When you're investing in the stock market, you have seemingly endless options to choose from. All of those choices can sometimes feel overwhelming, and it can be tough to determine which investments are right for you.
While everyone will have different preferences and investing styles, there are some investments that can make a fantastic addition to anyone's portfolio. If you're ready to send your savings to the moon, these options could be a wise choice.
1. Growth stocks
Growth stocks are investments that have the potential for above-average growth. Many tech stocks fall into this category, including companies like Amazon, Shopify, and Square.
Although growth stocks can be higher risk than their more established counterparts, there's also more room for reward. These stocks are often from innovative companies that are disrupting their industries, which could make them lucrative investments. However, these organizations can also be more volatile than slower-growing businesses.
If you choose to invest in growth stocks, be sure to look beyond the stock's earnings and focus more on the big picture. Stocks that have experienced explosive growth aren't always good long-term investments, so look at factors like the company's financials and its leadership team to gauge whether this stock will continue growing over time.
2. Dividend stocks
Dividend stocks are unique in that they can provide a source of passive income in addition to the returns you earn on your investment.
Some companies will reward shareholders by paying back a portion of their profits each quarter or year, called a dividend. While each dividend payment is small, over time, they can add up substantially and create a source of passive income.
You may also have the option to reinvest your dividends to buy more shares of that particular company's stock. By consistently reinvesting your dividends, you can increase the number of shares you own without actually paying anything out of pocket. And the more shares you own, the more you'll collect in dividend payments.
3. S&P 500 ETFs
If you prefer an investment that requires little to no upkeep, S&P 500 ETFs are a fantastic option. These funds track the S&P 500 index, which means they include the same stocks as the index itself and aim to mirror its long-term performance.
With an S&P 500 ETF, you don't need to choose stocks or research individual companies. All you need to do is invest regularly and hold your investments for as long as possible, and your portfolio will gradually grow over time.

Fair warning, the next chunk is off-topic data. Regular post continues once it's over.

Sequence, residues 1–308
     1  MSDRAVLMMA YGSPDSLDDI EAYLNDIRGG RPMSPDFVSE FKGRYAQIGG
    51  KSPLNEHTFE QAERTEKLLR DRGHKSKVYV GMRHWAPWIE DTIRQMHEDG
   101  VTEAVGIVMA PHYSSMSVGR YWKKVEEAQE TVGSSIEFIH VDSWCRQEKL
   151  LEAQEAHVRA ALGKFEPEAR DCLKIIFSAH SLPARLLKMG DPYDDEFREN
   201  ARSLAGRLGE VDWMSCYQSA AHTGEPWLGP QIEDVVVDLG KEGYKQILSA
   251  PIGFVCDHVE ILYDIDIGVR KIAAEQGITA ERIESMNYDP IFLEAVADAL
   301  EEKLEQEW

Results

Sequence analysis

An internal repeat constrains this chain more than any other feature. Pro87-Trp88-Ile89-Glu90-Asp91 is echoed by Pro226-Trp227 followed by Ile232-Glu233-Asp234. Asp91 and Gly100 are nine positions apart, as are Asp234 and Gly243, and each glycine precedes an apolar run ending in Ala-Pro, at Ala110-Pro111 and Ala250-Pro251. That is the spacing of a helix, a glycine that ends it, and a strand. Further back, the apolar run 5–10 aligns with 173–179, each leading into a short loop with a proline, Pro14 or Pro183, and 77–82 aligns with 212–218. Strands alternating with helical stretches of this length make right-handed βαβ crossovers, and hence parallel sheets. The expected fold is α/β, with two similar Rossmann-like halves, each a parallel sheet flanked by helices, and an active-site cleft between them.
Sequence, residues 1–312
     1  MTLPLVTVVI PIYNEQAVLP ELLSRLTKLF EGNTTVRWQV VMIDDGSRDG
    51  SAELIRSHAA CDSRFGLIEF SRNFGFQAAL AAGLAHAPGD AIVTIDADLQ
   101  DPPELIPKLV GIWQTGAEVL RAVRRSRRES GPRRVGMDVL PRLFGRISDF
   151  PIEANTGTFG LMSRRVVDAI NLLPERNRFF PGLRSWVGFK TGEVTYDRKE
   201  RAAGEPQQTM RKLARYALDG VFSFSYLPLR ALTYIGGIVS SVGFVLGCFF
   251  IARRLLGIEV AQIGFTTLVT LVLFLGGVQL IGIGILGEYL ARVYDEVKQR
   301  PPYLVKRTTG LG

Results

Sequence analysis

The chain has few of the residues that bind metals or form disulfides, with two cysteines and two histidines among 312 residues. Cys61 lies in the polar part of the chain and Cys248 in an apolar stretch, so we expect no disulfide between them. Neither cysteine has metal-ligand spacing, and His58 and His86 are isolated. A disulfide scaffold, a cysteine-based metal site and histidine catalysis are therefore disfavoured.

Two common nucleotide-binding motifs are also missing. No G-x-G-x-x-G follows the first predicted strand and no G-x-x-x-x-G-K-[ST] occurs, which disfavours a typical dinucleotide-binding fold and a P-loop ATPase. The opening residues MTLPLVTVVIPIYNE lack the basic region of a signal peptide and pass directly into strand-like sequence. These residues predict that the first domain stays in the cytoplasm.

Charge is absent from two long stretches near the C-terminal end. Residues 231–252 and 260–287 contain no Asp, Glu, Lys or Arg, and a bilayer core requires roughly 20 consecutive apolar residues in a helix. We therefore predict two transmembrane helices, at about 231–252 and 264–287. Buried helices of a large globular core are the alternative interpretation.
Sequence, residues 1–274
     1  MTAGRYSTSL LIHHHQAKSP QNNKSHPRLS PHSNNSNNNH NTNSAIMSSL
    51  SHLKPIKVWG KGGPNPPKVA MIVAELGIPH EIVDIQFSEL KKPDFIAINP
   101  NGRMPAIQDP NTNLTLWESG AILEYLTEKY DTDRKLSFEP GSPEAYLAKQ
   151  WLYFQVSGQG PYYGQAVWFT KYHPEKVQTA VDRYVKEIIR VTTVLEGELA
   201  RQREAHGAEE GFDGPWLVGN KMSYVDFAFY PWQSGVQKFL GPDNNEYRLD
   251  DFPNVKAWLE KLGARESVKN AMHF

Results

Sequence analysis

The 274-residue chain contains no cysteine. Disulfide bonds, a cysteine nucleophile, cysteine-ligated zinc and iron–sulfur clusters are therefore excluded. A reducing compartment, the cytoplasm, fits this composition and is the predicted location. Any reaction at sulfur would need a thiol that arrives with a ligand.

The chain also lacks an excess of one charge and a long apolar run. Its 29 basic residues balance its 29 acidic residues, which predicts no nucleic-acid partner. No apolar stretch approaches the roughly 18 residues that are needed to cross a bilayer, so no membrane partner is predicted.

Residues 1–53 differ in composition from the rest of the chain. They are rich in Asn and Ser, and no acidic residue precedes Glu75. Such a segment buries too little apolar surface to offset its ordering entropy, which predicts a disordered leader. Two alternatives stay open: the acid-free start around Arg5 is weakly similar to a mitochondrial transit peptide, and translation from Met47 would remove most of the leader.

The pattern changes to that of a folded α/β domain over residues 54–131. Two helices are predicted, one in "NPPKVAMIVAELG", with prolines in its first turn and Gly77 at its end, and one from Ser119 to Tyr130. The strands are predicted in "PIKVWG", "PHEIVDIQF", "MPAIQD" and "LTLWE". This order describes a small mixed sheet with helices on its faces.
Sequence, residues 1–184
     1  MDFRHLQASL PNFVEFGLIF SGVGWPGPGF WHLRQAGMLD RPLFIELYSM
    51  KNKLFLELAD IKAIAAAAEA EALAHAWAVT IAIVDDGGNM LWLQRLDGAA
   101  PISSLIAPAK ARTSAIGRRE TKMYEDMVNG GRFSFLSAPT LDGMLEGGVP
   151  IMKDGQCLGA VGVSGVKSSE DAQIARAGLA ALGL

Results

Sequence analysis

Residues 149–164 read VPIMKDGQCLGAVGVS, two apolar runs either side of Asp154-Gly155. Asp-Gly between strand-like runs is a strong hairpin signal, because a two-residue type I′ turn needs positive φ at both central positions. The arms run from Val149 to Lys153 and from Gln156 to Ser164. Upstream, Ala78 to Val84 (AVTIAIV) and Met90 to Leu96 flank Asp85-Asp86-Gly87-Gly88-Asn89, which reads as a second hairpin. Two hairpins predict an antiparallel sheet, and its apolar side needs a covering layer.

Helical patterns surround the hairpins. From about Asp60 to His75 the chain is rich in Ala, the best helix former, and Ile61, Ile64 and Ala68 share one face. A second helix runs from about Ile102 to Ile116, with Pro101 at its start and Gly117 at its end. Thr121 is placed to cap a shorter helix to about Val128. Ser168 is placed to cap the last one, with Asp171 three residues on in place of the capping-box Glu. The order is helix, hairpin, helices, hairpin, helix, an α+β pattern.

The downside to this type of investment is that it's impossible to beat the market. By definition, S&P 500 ETFs earn average returns. They follow the market, so they can't outperform the market. However, for many investors, average returns are a worthwhile trade-off when you consider that these funds require very little effort to achieve consistent growth over the long run.
4. Fractional shares
Fractional shares are perfect for the investor who wants to buy individual stocks without breaking the bank.
When you buy fractional shares, you're investing in a portion of a single full share of stock. Some stocks cost hundreds or thousands of dollars for a full share, but with fractional shares, you can spend as little as $1 for a small slice of the same stock.
It's still important to do your research when buying fractional shares. It can be tempting to buy risky stocks when it'll only cost you a dollar to invest, but the same general investing principles still apply, regardless of how much you're spending. If you're not willing to hold a stock for at least a few years, it's probably not a stock you should be buying right now.
Investing in the stock market is one of the best ways to increase your net worth and generate wealth over time. With these four types of investments, you'll be well on your way to building an unstoppable portfolio.
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John Mackey, CEO of Whole Foods Market, an Amazon subsidiary, is a member of The Motley Fool's board of directors. Katie Brockman has no position in any of the stocks mentioned. The Motley Fool owns shares of and recommends Amazon, Shopify, and Square. The Motley Fool recommends the following options: long January 2022 $1,920 calls on Amazon, long January 2023 $1,140 calls on Shopify, short January 2022 $1,940 calls on Amazon, and short January 2023 $1,160 calls on Shopify. The Motley Fool has a disclosure policy.